SAN ANTONIO (AP) — The Spurs suffered through an odd, erratic season filled with injuries, strife and drama before a second straight ouster from the playoffs in the first round.
Gregg Popovich enjoyed it so much he is coming back for a 24th season as coach in San Antonio.
Normally extremely private, Popovich said Monday he is negotiating a new deal with the Spurs after his current contract expired this season. There was some uncertainty surrounding his return, but the 70-year-old Popovich put an end to that with a quip or two.
“I’m currently in negotiations and could very well end up with either the Portofino Flyers or the Positano Pirates (or the Spurs),” Popovich said dryly. “I think it’s like one-third Positano, one-third Portofino and one-third San Antonio. So, we’ll see where I end up.”
There is little chance Popovich ends up anywhere but San Antonio, where he has enjoyed unprecedented success. His desire to return was apparent during an 18-minute news conference to wrap up a season that ended with a loss to the Denver Nuggets in Game 7 of their first-round series.
Popovich has1,245 wins, third-most in NBA history behind Don Nelson and Lenny Wilkens, and is one of five coaches to win five NBA championships. He will coach USA Basketball in the FIBA World Cup in China this summer, and will coach the Americans in the Tokyo Olympics next summer should the team qualify.
The Spurs have reached the playoffs the last 22 seasons, a streak that ties for the longest in NBA history.
Many doubted the Spurs would continue that streak this season with all the turmoil and turnover.
A year ago, Kawhi Leonard played in only nine games while nursing a right thigh injury. Reportedly upset with how his rehabilitation was handled, Leonard forced his way out of San Antonio in the offseason and was sent to Toronto along with Danny Green in a trade for DeMar DeRozan and Jakob Poeltl.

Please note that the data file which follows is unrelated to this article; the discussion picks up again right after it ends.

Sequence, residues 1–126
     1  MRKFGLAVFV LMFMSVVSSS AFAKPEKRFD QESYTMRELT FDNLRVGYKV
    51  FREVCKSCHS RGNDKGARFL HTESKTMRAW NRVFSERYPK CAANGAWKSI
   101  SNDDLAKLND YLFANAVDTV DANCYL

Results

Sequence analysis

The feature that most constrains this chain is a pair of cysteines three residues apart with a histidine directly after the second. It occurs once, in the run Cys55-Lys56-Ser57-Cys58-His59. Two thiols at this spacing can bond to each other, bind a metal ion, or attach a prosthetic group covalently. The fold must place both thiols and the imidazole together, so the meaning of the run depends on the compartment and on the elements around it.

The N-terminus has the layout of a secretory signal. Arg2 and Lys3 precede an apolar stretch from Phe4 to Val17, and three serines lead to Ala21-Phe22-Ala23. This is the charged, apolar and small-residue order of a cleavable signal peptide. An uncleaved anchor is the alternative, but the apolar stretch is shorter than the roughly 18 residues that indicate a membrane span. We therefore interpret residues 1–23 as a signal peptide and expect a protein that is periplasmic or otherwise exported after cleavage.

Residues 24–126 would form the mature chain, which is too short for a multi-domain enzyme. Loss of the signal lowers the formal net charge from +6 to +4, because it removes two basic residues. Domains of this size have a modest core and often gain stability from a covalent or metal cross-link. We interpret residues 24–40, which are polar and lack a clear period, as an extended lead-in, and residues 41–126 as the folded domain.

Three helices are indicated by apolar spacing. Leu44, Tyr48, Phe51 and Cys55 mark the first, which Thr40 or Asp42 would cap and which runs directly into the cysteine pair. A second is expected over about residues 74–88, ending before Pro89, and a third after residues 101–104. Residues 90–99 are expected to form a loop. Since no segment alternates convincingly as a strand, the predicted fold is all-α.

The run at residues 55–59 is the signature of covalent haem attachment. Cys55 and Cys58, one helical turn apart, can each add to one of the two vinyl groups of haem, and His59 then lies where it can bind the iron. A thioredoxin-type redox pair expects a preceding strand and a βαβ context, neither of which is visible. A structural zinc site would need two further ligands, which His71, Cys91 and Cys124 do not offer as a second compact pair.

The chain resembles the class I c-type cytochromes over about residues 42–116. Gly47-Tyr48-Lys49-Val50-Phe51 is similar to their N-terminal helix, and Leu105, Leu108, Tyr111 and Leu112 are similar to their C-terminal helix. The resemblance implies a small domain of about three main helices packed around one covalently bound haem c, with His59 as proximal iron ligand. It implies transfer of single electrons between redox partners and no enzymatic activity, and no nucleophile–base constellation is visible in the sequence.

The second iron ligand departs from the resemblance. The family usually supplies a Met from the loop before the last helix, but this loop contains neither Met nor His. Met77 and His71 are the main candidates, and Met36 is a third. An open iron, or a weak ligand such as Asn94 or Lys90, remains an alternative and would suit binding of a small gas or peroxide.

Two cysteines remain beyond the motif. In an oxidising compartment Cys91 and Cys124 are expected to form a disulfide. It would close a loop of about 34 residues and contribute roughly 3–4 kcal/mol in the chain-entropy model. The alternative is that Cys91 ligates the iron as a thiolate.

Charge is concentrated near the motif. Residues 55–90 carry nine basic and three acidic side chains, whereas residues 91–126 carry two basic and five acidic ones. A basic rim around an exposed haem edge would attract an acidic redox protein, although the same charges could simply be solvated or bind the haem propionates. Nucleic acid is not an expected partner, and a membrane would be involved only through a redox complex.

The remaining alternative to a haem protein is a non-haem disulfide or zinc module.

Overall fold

The Spurs also lost Manu Ginobili to retirement and Tony Parker left the team in free agency along with veteran Kyle Anderson.
“I didn’t know what to expect, to be honest,” Popovich said. “I didn’t know how this group would respond to that kind of adversity, but they showed us a lot in continuing with the program and trying to do what we wanted them to do. So, that was very impressive to me.”
San Antonio had eight new players on its roster this season, the most in Popovich’s tenure. That turned out to be one of the highlights for the veteran coach.
“It was kind of one of the more enjoyable seasons because you got to see people develop,” Popovich said.
If that wasn’t enough to overcome, the Spurs also lost starting point guard Dejounte Murray to a season-ending knee injury in the preseason and his replacement, Derrick White, missed the first month with a knee injury.
In one four-game stretch, the Spurs lost three games by 30-plus points; in Popovich’s first 1,758 regular-season games as coach, the Spurs had only lost by 30-plus five total times. Of course, they also won five straight games by 25-plus points for the first time under Popovich and ended up seventh in the Western Conference as DeRozan and veteran LaMarcus Aldridge helped carry the team’s young roster.
“I think that when we all reflect on the season, they achieved a lot more than a lot of people gave them credit for having the opportunity to achieve,” Popovich said.
San Antonio was able to reach the postseason while also developing young players like White, Poeltl and Bryn Forbes on the court and prepping rookies Lonnie Walker IV, Chimezie Metu and Drew Eubanks in the G League.
“It’s the beginning of a new culture for a new group,” Popovich said. “So, we’ll have a little bit of corporate knowledge going into next season and they’ll show that, I think.”
More AP NBA: https://apnews.com/NBA and https://twitter.com/AP_Sports
The Western Journal has not reviewed this Associated Press story prior to publication. Therefore, it may contain editorial bias or may in some other way not meet our normal editorial standards. It is provided to our readers as a service from The Western Journal.
Truth and Accuracy
We are committed to truth and accuracy in all of our journalism. Read our editorial standards.